Taysha has secured rare pediatric disease designation and orphan drug designation for multiple of its programs, including GM2 gangliosidosis, CLN1, Rett syndrome and now SURF1. In addition to these designations, the company also has fast track status for the CLN1 program.

“SURF1 deficiency is a monogenic mitochondrial disorder and is the most common cause of cytochrome c oxidase deficient Leigh syndrome,” said Steven Gray, Ph.D., Chief Scientific Advisor of Taysha and Associate Professor in the Department of Pediatrics at UT Southwestern. “Obtaining these key designations highlights our commitment to developing a gene therapy for the treatment of SURF1 deficiency.”

The FDA defines a rare pediatric disease as a serious or life-threatening disease in which the disease manifestations primarily affect individuals aged from birth to 18 years. Pediatric diseases recognized as “rare” affect under 200,000 people in the U.S. The Rare Pediatric Disease Priority Review Voucher Program is intended to address the challenges that drug companies face when developing treatments for these unique patient populations. Under this program, companies are eligible to receive a priority review voucher following approval of a product with rare pediatric disease designation if the marketing application submitted for the product satisfies certain

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Older males recovering from COVID-19 may have best plasma to treat it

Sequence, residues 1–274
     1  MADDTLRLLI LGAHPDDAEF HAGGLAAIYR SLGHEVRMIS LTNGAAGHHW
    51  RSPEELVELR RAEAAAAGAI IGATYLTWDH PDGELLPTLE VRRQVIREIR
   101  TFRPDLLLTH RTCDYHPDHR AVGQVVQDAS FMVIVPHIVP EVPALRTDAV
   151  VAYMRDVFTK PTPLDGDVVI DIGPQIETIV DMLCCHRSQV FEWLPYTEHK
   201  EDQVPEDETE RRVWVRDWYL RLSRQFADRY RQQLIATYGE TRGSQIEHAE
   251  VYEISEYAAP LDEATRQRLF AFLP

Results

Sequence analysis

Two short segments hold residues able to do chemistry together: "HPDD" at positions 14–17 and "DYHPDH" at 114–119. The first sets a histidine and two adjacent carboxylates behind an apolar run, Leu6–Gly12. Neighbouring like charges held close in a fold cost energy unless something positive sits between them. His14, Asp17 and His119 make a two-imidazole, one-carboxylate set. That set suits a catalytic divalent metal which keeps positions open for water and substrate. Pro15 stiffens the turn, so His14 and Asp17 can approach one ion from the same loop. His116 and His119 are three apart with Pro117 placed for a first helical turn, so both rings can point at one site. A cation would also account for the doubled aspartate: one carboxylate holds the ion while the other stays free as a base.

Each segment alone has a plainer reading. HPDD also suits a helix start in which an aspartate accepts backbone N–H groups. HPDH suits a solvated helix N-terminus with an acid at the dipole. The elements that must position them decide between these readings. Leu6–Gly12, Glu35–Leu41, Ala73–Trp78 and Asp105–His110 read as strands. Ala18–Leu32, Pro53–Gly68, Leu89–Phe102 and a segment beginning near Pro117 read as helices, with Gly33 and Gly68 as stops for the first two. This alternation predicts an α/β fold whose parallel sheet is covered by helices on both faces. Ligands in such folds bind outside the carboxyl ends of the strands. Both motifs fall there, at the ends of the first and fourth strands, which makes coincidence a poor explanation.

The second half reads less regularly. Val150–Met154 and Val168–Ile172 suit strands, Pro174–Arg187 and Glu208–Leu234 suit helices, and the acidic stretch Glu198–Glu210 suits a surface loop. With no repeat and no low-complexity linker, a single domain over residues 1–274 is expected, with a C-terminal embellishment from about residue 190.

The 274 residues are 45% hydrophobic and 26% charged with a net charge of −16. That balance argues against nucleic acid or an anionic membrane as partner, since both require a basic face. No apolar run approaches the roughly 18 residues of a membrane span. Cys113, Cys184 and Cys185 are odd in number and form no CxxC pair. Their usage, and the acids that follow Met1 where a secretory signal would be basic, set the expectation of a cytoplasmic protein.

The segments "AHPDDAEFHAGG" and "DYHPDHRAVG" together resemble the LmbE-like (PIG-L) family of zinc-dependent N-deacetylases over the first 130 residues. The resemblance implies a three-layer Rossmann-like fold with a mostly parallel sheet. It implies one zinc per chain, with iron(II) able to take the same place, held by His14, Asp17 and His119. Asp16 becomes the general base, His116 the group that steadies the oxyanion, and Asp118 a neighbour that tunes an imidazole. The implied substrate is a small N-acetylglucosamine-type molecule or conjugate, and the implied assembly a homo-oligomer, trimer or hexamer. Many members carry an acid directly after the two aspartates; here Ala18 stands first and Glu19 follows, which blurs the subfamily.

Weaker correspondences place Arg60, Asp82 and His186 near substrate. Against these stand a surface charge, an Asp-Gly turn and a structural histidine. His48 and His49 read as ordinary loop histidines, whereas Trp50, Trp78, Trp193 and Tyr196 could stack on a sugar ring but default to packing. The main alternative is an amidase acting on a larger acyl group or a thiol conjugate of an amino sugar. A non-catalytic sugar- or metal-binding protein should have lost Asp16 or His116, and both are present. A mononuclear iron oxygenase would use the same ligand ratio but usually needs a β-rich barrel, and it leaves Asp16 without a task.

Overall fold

A new study has found higher numbers of anti-SARS-CoV-2 antibodies in older males who required hospitalization for COVID-19.

Scientists have found that being hospitalized with COVID-19, as well as being male and of older age, increases the chances of a person having high plasma levels of antibodies that can protect against the disease.

This plasma, which is a component of blood, may help treat the disease in others.

The research, which features in the Journal of Clinical Investigation, is the first step toward confirming whether blood plasma therapy is effective in treating COVID-19.

As scientists continue to search for an effective vaccine for SARS-CoV-2, the virus that causes COVID-19, treatments that can reduce the risk of death are crucial for lowering the mortality rate associated with the disease.

However, to date, research has shown few treatments to be effective.

Furthermore, a major study by the World Health Organization (WHO) — currently available as a preprint — found that remdesivir, the most promising treatment for COVID-19, appears to make no significant difference to the mortality rate.